Snake venom is believed to be used in traditional Chinese medicines as antidotes and by high-end drug abusers. (Photo Courtesy- Wildlife crime control bureau) PREMIUM
Snake venom is believed to be used in traditional Chinese medicines as antidotes and by high-end drug abusers. (Photo Courtesy- Wildlife crime control bureau)

Mystery of snake venom smuggling persists: Red Dragon Code 6097

One of the theories considered by investigators suggests that the venom originates from snake farms in Thailand and smuggled through Bangladesh, India and Nepal for its final destination either in China or in European countries
UPDATED ON SEP 15, 2021 04:37 PM IST

Snake venom estimated to be worth 170 crore has been seized from many districts of West Bengal since 2017. One such consignment was seized last week, bearing a familiar yet mysterious tag – Red Dragon Made in France Code No 6097.

The red dragon code, which means good fortune, has baffled the investigators for over four years as they have not managed to get to the kingpins of the illegal trade while carrying out arrest of small-time couriers, caught with venom stored in crystal jars, a wildlife crime control bureau officer said.

Snake venom is believed to be used in traditional Chinese medicines as antidotes and by high-end drug abusers. It has been recovered in states such as Gujarat, Tamil Nadu, Bihar and Punjab in the past few years with Bengal considered the hub of its smuggling. In all these cases, only couriers have been caught and the commonality was the red dragon code.

“We are still not sure about its origin, destination country and end use. What we do know is that it usually enters India through Bangladesh and is meant to be smuggled out through Nepal and Bhutan,” said Agni Mitra, deputy director (eastern region) of Wildlife Crime Control Bureau (WCCB).

One of the theories considered by investigators suggests that the venom originates from snake farms in Thailand and smuggled through Bangladesh, India and Nepal for its final destination either in China or in European countries. They also believe that in recent years, snake venom was extracted in places such as Tamil Nadu and Bihar for foreign clients and have not ruled out the possibility of it being used as a drug in India.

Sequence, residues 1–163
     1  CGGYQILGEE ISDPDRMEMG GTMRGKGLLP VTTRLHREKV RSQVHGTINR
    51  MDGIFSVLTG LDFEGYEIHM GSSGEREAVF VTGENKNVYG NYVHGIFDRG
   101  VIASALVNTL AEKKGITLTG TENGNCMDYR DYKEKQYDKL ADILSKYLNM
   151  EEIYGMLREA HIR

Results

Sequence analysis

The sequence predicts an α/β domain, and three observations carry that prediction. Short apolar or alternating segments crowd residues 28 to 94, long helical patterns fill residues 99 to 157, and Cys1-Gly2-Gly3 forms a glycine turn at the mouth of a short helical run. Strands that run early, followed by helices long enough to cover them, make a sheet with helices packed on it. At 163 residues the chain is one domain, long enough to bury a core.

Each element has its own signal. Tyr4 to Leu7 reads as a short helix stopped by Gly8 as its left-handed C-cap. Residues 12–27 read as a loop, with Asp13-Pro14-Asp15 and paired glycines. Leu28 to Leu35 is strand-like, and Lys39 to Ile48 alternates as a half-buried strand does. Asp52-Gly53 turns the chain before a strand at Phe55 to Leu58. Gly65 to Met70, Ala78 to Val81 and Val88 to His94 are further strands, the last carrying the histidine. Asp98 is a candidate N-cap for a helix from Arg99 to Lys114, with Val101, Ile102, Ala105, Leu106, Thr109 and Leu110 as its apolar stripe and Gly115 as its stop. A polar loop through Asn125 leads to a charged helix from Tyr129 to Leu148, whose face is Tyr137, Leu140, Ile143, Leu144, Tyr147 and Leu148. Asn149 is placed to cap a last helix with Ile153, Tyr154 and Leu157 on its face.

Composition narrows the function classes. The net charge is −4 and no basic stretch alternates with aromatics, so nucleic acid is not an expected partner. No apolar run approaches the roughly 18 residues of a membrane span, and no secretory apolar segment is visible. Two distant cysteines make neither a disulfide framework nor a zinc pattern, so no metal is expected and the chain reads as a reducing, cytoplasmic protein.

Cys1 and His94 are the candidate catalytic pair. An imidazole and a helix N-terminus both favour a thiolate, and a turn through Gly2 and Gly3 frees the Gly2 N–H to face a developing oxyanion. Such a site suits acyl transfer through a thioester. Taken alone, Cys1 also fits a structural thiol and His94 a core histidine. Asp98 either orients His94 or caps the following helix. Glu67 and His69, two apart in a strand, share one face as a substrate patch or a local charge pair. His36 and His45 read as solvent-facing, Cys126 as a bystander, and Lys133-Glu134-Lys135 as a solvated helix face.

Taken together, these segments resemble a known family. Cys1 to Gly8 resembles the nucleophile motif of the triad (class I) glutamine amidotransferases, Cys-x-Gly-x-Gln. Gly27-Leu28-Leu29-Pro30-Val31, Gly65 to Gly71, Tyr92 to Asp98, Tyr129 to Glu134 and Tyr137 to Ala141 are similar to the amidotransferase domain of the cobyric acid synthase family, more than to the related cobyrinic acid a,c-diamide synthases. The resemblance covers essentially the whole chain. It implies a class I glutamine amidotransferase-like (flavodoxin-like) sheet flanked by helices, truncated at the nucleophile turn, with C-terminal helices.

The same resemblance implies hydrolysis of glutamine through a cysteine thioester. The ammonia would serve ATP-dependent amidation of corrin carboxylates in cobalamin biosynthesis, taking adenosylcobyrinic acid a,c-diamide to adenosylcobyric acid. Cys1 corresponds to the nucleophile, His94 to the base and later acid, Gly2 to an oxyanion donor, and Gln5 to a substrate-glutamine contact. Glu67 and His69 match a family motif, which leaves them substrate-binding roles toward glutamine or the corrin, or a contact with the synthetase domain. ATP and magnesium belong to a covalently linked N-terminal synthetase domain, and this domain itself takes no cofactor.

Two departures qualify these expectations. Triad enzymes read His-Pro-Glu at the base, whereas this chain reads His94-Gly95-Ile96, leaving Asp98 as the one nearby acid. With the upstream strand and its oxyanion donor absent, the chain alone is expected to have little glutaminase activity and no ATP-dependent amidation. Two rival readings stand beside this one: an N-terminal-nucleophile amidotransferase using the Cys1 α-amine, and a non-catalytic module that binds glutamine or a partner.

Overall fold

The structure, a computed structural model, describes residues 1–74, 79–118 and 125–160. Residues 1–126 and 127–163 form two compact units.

The suspicion that the venom was headed to European countries is based on the Made in France label on the jars. In 2017, the Directorate of Revenue Intelligence seized 1 kilogram of cobra venom in Bihar and said it was being smuggled to France from India. However, the directorate officials did not provide any information linking France with the illegal venom business.

Last Friday, the Border Security Force (BSF) seized three jars with the same code, containing around seven kilograms of suspected snake venom in three forms – crystalline, liquid and powder. Top officials of the agency said it could cost around 57 crore in the illegal market.

“The jar had markings: Cobra SP – Red Dragon – Made in France – Code No 6097. No one was arrested since the jars were recovered from an unattended, under construction house at Dakshin Dinajpur in north Bengal,” said a senior officer of the BSF’s north Bengal frontier.

In February 2021, BSF found snake venom estimated to be worth 24 crore from Uttar Dinajpur district, which was being smuggled to Nepal in jars having the same marking. These instances reminded officials of the West Bengal forest department of similar seizures way back in 2017 and 2018 when some of the first consignments were seized in north Bengal.

“Back then, the venoms were seized in crystal glass jars and sealed. They had the same markings: Cobra SP – Red Dragon – Made in France – Code No 6097. We had intercepted at least 11 such jars in three consignments and arrested 17 persons from north Bengal,” said a forest official associated with the case. All of them told officials that they were just couriers and knew nothing about the smuggling racket.